A New America in a New World Order
Obama’s vision of sameness — at home, equality of result; abroad, all nations equal — carries an appalling price tag.


Victor Davis Hanson

The year is quite young, and yet it has already seen a multitude of disturbing events and trends — unrest in Cairo and North Africa; nuclearization in Iran; a growing anti-American alliance among Turkey, Hezbollah, Iran, and Syria; the expansionary designs of a newly unabashed China with attendant repercussions on Japan, South Korea, and Taiwan; calls for the end of the dollar as the global currency; the muscle flexing from an “I can’t believe my good luck” Russia; and the tottering of the European Union. I have no idea how most Americans react to any of the above, and I don’t think the administration has either.

We do know that President Obama wants to borrow another $1.6 trillion this year to ensure expansion of EU-like entitlements. One mystery is why the Chinese — 400 million of whom have never encountered Western-style medicine — apparently won’t mind lending us more of their hundreds of billions of dollars in surpluses to fund Obamacare. Another is why people should risk their environments in Africa, the Russian Arctic, and Asian coastal waters to provide petroleum for a thirsty planet, while we will not take much smaller risks to satisfy our own voracious oil appetite. The only common denominator is our desire to consume more than we produce.

Yet the impending crises on the horizon — so reminiscent of the annus horribilis of 1979, when the wages of another American president’s sermonizing and economic weakness came due — are not foreordained to come at America’s expense. Were we to put our financial house in order, slash our deficits, show the world how we intend to pay down our $14 trillion debt, and make the needed long-term reforms to Social Security and Medicare, the United States would be in a unique position in comparison to an ailing and sclerotic Europe, a demographically challenged Japan, and a China with a rendezvous with social tension, environmental catastrophe, and a warped demography. We are still a more open and transparent society than our rivals — with a more meritocratic ethos, far greater social and political stability, and blessed with vast natural and human resources. Why, then, cannot we regain our exceptionalism?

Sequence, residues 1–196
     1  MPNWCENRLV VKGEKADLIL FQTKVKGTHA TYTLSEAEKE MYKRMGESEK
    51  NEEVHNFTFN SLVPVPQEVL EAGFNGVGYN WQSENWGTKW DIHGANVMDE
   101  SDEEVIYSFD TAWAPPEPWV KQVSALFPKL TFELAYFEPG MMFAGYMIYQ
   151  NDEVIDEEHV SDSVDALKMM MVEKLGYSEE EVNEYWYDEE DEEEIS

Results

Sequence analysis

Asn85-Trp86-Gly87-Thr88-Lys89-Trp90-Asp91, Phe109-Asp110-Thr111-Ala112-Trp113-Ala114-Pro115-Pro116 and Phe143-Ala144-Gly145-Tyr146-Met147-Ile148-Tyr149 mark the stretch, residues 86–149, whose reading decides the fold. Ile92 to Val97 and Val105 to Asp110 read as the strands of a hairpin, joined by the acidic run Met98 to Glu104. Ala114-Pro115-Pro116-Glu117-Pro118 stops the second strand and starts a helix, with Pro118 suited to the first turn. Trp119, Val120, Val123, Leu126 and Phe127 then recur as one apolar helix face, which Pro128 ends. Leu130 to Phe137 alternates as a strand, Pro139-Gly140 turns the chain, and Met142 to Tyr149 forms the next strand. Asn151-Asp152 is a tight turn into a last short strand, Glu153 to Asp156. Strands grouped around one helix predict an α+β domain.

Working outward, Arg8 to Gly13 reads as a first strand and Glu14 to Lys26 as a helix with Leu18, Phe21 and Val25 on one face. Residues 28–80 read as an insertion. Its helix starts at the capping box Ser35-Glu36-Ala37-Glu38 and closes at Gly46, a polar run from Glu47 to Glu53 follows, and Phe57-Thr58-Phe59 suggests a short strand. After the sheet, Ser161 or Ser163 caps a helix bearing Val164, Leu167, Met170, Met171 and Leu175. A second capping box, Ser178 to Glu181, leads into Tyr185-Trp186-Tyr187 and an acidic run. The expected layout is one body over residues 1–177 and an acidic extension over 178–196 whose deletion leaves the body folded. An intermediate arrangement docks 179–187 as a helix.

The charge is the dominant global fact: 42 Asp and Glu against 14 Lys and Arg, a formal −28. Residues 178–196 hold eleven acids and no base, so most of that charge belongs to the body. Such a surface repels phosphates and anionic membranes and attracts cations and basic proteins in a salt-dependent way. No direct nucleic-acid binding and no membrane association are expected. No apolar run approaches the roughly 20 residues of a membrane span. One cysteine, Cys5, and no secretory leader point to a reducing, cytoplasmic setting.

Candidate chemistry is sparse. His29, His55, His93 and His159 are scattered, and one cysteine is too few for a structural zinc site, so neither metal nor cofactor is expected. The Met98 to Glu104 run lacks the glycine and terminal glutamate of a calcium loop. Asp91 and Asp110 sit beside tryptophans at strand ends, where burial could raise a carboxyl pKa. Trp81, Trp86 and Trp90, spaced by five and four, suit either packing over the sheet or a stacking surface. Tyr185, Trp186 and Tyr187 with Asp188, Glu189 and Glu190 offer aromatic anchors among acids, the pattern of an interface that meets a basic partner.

In a word, I think we do not wish to. The problem — aside from the fact that we are a country obsessed with wrangling over distribution of old wealth (much of it provided by previous generations) rather than creation of new national riches — is that the United States does not quite know what its role should be in yet another new world order.

Hence, President Obama was a day late and a dollar short in figuring out both the Tehran 2009 and the Cairo 2011 protests. Like a modern-day Hamlet, he paused to examine every imaginable consequence before doing nothing — as in “Should I criticize Ahmadinejad when I promised in landmark fashion to meet face to face with the Iranians? Where is the U.N. in all of this? If I encourage the protesters, am I interfering in the internal affairs of Iran — the way America did a half century ago, for which I just apologized? If I support democratic reform, will I appear no different from a Bush neocon? Will Mubarak survive or will he not? Should he, or should he not? Are the protesters authentic Egyptians or Westernized upper middle classes without Third World bona fides? Are they Kerensky types about to be swallowed up by hard-core Islamists? Could my own unique heritage not appeal to the Muslim Brotherhood as I was hoping it would when I reached out to Iran and Syria? If I pressure Mubarak, will the Right ask why I did not pressure Ahmadinejad? If I do not, will the Left accuse me of realpolitik? Isn’t Bush at fault somewhere here?” So many questions, so many occasions to vote present.


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